South African restaurant customers are complaining that the use of the word tsunami by local eateries leaves a bitter taste in the mouth.
More than 150,000 people were killed by the Tsunami and millions left homeless
The Mugg and Bean chain has been selling its spicy tsunami chicken burger for over a year but will rename it in April, its managers say.
Johannesburg's Tsunami Seafood Emporium opened just three weeks before the giant waves devastated parts of Asia.
The Japanese sushi bar manager said he could not have predicted the disaster.
"A lot of research went into the name," said Claudio Goncalves.
He said that some people thought the restaurant was trying to cash in on the disaster.
One woman has asked what he would think if someone had opened a 9/11 grill house, he said.
Mr Goncalves, and his counterparts at Mugg and Bean, said they would donate some of the profits to victims of the tsunami.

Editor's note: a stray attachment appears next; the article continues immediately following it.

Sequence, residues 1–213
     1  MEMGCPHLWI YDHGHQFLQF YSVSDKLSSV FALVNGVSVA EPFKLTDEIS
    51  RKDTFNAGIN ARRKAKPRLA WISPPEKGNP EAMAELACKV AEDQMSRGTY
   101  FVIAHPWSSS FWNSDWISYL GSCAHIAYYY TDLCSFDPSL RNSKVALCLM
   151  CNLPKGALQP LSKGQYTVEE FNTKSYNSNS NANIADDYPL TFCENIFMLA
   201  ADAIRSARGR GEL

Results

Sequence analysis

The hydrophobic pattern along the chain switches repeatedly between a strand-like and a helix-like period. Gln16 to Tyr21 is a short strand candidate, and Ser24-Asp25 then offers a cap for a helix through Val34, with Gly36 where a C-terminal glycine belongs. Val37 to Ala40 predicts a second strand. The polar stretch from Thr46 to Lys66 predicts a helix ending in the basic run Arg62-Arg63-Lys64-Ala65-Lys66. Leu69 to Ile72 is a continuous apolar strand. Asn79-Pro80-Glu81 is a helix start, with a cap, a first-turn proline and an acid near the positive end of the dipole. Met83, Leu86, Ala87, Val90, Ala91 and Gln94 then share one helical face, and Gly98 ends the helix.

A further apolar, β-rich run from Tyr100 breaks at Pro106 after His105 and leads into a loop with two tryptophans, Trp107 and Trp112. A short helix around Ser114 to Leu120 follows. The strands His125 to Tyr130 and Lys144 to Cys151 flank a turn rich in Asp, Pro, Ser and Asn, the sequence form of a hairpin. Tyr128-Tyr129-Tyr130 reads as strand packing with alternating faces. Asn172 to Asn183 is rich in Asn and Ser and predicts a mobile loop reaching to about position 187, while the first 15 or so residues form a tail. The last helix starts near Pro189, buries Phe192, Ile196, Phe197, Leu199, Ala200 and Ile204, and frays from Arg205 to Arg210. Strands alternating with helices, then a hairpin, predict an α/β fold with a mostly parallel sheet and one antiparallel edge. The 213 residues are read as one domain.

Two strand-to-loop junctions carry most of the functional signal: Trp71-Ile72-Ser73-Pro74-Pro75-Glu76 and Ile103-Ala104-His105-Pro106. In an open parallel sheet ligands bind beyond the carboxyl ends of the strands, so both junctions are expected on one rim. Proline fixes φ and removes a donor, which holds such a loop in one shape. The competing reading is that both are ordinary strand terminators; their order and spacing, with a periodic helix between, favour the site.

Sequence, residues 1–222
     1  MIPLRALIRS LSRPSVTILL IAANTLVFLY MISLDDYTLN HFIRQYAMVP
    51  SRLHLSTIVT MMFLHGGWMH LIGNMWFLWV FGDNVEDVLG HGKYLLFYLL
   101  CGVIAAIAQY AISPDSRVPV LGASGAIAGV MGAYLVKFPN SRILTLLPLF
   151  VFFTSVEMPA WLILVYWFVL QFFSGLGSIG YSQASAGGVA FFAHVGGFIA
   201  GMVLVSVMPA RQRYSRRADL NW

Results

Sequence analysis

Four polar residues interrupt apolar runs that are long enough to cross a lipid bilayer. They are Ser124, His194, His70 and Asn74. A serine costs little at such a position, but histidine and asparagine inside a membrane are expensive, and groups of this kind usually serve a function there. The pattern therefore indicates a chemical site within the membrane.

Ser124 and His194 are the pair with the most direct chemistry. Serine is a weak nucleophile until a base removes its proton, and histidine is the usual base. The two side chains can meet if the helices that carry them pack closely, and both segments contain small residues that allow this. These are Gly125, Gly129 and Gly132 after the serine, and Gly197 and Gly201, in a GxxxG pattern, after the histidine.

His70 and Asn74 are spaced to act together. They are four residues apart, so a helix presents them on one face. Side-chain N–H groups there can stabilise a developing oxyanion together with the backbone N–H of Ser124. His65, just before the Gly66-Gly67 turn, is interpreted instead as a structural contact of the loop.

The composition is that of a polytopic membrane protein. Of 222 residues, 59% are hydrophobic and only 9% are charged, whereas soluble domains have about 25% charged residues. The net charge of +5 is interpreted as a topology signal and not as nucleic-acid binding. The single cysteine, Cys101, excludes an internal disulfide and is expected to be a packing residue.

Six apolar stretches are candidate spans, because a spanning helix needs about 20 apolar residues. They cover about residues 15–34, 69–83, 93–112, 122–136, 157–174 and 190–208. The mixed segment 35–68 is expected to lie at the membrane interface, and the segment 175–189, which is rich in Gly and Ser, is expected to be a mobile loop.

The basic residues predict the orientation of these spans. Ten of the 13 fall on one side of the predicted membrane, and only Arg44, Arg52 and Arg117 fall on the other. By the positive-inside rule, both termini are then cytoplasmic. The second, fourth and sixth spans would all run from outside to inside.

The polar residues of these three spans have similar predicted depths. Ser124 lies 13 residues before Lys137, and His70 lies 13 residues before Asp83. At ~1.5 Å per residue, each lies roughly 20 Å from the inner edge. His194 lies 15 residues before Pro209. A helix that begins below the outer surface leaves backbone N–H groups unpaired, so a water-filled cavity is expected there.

Mugg and Bean's marketing manager Mike Said explained the choice of the name for the chicken burger, topped with bacon, cucumber pineapples and Thai sauce served in a bagel:
"We named it 'tsunami' because the burger is big and powerful."
Ten South Africans have been confirmed dead in the disaster and another 184 are officially missing.
On Monday, South African police warned that conmen were circulating letters and e-mails falsely claiming to be collecting contributions for victims of the disaster.
Meanwhile, a Cape Town family who survived the tsunami while on holiday in Thailand were car-jacked at gunpoint on their return to South Africa.
"I am absolutely traumatised," said Nicky Miller, 31.